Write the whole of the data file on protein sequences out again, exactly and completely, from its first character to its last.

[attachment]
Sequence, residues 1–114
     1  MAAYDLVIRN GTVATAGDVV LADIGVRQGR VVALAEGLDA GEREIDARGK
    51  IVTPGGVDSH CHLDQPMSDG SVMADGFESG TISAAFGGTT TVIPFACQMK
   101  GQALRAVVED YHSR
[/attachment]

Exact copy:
Sequence, residues 1–114
     1  MAAYDLVIRN GTVATAGDVV LADIGVRQGR VVALAEGLDA GEREIDARGK
    51  IVTPGGVDSH CHLDQPMSDG SVMADGFESG TISAAFGGTT TVIPFACQMK
   101  GQALRAVVED YHSR